yum/apt update, so the system administrator experience would be:
- Provision system
- Install things (including keylime)
- ⌛ Time passes
- Apply OS updates (not on by default), then keylime breaks for a not obvious reason
The more correct thing instead would be for that playbook to write a systemd drop in in
/etc to override just
ExecStart=, although even doing that is fragile and what’d be best here is to make this an explicitly configurable option for
tpm2-abrmd in a config file in
The overall point is that the reason
/usr read-only is primarily to enforce that user configuration is cleanly separate from the OS content – which becomes particularly important when OS updates are automatic by default, as they are in Fedora CoreOS.
I think having automatic updates on by default fundamentally changes the perception of responsibility around updates; if I’m a system administrator and I typed
apt/yum update and things broke, it’s my fault, but if automatic updates are on by default and I’m doing something else and the machine just falls over – it’s the OS vendor’s fault. Linking these two together: Since Fedora CoreOS has automatic updates on, we really need to be clear what’s our responsibility and what’s yours.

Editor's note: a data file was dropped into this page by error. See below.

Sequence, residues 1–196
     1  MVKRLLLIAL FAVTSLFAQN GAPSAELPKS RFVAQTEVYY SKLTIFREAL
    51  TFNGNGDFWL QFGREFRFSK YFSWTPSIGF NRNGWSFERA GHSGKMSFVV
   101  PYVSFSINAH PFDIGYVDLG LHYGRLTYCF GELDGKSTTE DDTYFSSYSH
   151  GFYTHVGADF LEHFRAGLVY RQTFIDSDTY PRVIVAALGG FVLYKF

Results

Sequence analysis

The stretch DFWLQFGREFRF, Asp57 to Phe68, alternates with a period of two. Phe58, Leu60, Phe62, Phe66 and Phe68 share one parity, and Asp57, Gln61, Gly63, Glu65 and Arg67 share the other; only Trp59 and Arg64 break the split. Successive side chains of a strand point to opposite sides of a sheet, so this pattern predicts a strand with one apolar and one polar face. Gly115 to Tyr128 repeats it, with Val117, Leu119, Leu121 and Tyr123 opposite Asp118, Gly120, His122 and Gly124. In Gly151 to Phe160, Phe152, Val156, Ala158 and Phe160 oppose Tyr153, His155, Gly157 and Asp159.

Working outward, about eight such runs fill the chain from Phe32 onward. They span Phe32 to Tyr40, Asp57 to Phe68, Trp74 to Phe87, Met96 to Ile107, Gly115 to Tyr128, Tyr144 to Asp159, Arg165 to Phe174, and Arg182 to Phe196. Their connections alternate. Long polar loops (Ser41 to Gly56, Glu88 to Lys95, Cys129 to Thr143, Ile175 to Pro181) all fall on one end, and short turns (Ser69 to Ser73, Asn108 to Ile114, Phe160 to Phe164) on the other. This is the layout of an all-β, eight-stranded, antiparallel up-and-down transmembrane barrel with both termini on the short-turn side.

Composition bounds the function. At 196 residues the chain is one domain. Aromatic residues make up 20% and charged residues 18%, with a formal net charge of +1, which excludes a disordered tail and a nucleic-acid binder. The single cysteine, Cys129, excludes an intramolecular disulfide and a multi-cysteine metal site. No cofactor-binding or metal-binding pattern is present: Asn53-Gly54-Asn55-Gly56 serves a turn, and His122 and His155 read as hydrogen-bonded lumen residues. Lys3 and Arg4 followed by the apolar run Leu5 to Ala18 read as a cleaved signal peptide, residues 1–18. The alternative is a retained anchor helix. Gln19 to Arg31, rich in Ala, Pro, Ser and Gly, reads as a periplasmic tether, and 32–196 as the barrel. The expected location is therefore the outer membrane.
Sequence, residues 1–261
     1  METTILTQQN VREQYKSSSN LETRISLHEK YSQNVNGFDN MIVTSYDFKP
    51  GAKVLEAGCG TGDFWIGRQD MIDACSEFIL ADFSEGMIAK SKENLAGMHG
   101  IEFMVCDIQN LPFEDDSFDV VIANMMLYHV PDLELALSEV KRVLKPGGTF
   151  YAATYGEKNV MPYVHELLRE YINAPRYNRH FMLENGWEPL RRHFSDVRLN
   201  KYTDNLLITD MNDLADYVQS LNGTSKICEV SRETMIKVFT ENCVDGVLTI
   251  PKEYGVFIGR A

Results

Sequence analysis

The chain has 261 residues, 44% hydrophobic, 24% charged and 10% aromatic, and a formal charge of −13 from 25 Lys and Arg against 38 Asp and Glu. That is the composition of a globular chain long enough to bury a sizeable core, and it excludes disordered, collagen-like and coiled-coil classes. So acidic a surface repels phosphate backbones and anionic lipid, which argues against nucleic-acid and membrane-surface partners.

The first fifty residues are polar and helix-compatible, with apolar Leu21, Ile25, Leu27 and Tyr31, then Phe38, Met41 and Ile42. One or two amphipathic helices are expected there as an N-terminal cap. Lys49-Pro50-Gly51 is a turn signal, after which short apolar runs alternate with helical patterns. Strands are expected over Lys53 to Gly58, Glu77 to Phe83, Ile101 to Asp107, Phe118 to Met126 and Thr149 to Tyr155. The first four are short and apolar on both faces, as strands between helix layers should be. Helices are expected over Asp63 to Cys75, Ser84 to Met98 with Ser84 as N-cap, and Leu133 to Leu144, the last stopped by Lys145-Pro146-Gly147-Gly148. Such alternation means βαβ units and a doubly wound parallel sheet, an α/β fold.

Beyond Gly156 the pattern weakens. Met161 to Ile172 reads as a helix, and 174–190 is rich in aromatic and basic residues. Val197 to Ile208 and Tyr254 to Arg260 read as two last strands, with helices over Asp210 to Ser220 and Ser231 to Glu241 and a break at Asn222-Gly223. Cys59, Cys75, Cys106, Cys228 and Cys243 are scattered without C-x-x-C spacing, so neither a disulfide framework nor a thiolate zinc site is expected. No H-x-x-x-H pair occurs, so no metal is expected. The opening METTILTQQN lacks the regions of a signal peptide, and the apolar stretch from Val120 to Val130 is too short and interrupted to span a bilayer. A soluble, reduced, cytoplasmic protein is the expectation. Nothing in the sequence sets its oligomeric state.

Now, this isn’t a new problem, and most people maintaining systems know not to do the kinds of things that Keylime Ansible playbook is doing. But it’s an extremely easy mistake to make without strong discipline when
/usr is sitting there writable by any process that runs as root. I’ve seen many, many examples of this.
Nothing actually stops traditional package managers from mounting
/usr read-only by default – they could do the equivalent of
unshare -m /bin/sh -c 'mount -o remount,rw /usr && apt update‘ internally. But the challenges there grow into adjusting the rest of the filesystem layout to handle a readonly
/usr, such as how OSTree suggests moving /usr/local to /var/usrlocal etc.
Image based updates
Usually instead of talking about an "immutable" system that allows in place updates, it’d be more useful and accurate to say "image based".
And this gets into another huge difference between traditional package managers and image based systems: The amount of "internal state".
The way most package managers work is when you type
$pkgmgr install foo, the fact that you want
foo installed is recorded by adding it to the database. But the package manager database also includes a whole set of "base packages" that (usually) you didn’t choose. Those "base packages" might come from a base container when you
podman/docker pull, for cloud images the default image, and physical systems they often come from a distribution-specific default list embedded/downloaded from the ISO or equivalent.